This year was the 40th anniversary of the yacht club, Costa Smeralda. What’s been your highlights during that period?

Two I would recollect, which was the first challenge for the America’s Cup. Italy had never challenged and as you know it’s a challenge done by clubs. So the yacht club, Costa Smeralda, was the first boat to challenge with Azzura [in 1983]. I think the other one was to win the Blue Ribbon of the Atlantic with Destriero [in 1992], the first large, high-speed, mono-hull.

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Interviewer: Shirley Roberston in Costa Smeralda

 

This is the town at the heart of Costa Smeralda, Porto Cervo. It’s built in the style of an Italian village but its streets are lined with designer shops. This town didn’t exist forty years ago. The Costa Smeralda, or Emerald Cost, on the Italian island of Sardinia was wild and isolated. It was one of the few corners of the Mediterranean still undeveloped until a group of businessmen decided to build a yacht club. It’s now a flourishing tourist destination with a busy marina. The project’s backer was His Highness the Aga Khan.

Shirley Roberston: When you visit Porto Cervo for the first time you imagine that its always been here, but that’s not always been the case.

His Highness the Aga Khan: No, when I started here there was absolutely nothing on the Costa Smeralda whatsoever. No house, no habitation of any sort.

SR: Did you come here on holiday?

AK: I came here on holiday. Actually I came here in the Winter of December 1960 and the Costa Smeralda in the Winter is not quite the same as in the Summer. And then I came down in the Summer of 1961 and started learning about the beauty of the area. The quality of the water was outstanding. The beaches were amazing. There was the scope to do everything and anything.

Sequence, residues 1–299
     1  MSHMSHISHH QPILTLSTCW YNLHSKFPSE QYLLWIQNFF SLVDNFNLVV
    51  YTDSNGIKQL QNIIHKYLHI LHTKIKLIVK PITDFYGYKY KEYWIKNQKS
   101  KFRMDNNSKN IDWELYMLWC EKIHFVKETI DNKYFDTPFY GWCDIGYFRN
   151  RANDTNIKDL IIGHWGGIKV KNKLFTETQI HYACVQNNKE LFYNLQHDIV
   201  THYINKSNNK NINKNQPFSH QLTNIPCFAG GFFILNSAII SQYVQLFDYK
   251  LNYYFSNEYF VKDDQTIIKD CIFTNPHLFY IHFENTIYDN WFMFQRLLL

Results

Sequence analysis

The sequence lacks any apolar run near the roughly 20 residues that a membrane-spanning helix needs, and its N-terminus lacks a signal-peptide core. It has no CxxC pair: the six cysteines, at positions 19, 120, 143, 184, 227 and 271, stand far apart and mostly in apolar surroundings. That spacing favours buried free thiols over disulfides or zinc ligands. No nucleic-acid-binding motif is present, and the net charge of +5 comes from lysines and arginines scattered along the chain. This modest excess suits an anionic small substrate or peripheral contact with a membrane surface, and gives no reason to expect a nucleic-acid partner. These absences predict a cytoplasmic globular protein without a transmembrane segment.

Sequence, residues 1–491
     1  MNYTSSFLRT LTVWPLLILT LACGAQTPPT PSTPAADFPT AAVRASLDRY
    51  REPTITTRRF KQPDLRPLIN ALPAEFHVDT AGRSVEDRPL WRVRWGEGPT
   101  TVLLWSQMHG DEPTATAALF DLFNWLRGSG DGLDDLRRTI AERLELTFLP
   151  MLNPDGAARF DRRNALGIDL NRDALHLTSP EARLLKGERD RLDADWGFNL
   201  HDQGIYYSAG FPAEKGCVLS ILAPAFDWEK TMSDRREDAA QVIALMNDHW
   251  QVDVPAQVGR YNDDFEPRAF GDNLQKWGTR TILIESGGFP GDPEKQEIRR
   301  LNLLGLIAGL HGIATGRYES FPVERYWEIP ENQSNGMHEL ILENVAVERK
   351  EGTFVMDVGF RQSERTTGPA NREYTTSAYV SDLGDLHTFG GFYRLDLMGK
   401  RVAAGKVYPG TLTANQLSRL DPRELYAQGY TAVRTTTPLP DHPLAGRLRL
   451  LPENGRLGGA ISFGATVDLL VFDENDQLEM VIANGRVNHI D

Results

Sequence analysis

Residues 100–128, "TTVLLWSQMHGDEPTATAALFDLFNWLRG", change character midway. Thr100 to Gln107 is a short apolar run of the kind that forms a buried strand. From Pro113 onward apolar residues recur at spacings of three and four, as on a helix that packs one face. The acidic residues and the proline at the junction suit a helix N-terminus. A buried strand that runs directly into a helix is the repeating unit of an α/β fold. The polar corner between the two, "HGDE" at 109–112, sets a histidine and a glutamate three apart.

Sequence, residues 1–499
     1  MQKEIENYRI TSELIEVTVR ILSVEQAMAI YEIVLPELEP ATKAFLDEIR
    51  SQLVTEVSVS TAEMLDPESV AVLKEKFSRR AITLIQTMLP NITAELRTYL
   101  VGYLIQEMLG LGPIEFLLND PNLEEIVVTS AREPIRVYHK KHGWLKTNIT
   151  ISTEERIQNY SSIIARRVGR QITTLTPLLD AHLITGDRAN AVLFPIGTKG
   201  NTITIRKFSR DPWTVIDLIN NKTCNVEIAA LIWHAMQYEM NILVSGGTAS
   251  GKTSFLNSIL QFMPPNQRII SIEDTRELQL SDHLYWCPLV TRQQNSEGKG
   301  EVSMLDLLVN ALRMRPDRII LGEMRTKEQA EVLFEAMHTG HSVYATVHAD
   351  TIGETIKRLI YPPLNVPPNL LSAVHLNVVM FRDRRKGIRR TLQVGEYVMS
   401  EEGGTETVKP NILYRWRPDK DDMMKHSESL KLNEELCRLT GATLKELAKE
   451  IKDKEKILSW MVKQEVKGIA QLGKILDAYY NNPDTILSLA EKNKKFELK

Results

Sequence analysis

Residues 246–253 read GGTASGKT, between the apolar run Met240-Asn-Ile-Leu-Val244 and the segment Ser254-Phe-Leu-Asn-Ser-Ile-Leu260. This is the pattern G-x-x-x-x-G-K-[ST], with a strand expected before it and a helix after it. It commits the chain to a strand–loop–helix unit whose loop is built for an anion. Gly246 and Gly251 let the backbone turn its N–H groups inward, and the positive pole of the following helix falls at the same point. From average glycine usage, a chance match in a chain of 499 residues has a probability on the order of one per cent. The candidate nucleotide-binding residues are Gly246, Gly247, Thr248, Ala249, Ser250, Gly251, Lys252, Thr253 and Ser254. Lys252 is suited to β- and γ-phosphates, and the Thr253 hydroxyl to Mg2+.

[Segue news-reel clip from 1962] With some business associates, the young Aga Khan spent a few crowded days in Sardinia where he looked over the beautiful Emerald Coast and decided to go ahead with a development programme. Karim was in a light hearted mood. He became Aga Khan on the death of his grandfather five years ago.

SR: What was your vision for Porto Cervo?

AK: Well it was to create a destination resort. Porto Cervo was selected by the planners as they bay where there would be a marina. Of course at that time there were absolutely no marine facilities at all. Nowhere where you could come to quay. Nowhere where you could get water. Nowhere where you could get food. It really was absolutely isolated.

Today the area has been transformed. Porto Cervo is a millionaire’s playground, attracting world leaders and big name movie stars on vacation. The Aga Khan’s personal interest in architecture ensures the low-rise development blended in with the landscape while the yacht club provides a thriving central attraction.

SR: This year was the 40th anniversary of the yacht club, Costa Smeralda. What’s been your highlights during that period?

AK: Two I would recollect, which was the first challenge for the America’s Cup. Italy had never challenged and as you know it’s a challenge done by clubs. So the yacht club, Costa Smeralda, was the first boat to challenge with Azzura [in 1983]. I think the other one was to win the Blue Ribbon of the Atlantic with Destriero [in 1992], the first large, high-speed, mono-hull.

SR: During the last forty years the needs of the yachting community has changed dramatically and the boats have got larger, there’s many more regattas. What’s your vision for the next forty years? How would you like to see the club develop?

AK: Well I hope that this area of the Mediterranean will remain yachting friendly because it is part of the leisure industry and therefore it has to remain yachting friendly which means managing infrastructure, managing the capacity to receive people well, look after them, meet their new needs. And there are new needs. So I think we’ll have to watch fairly carefully how we do that.

SR: I know now your passion for architecture is moving into other areas of the world.

AK: Yes. Well I think that in another domain of my life, I do a lot of work in the development field in the developing world and I think the yachting industry is becoming a global industry. I think the newly industrialised countries of Asia will become very, very important in the yachting industry. I think Africa offers many, many opportunities which are undiscovered and bigger and bigger yachts are being built. They’re global ocean going vessels, so I think the scale and nature of yachting will change.

The yacht club Costa Smeralda and the industry that has grown up around it have transformed the economy of this Italian island. If the same model can be transferred successfully to the developing world, new communities perhaps may, one day, enjoy the same prosperity as the inhabitants of this Emerald Coast.

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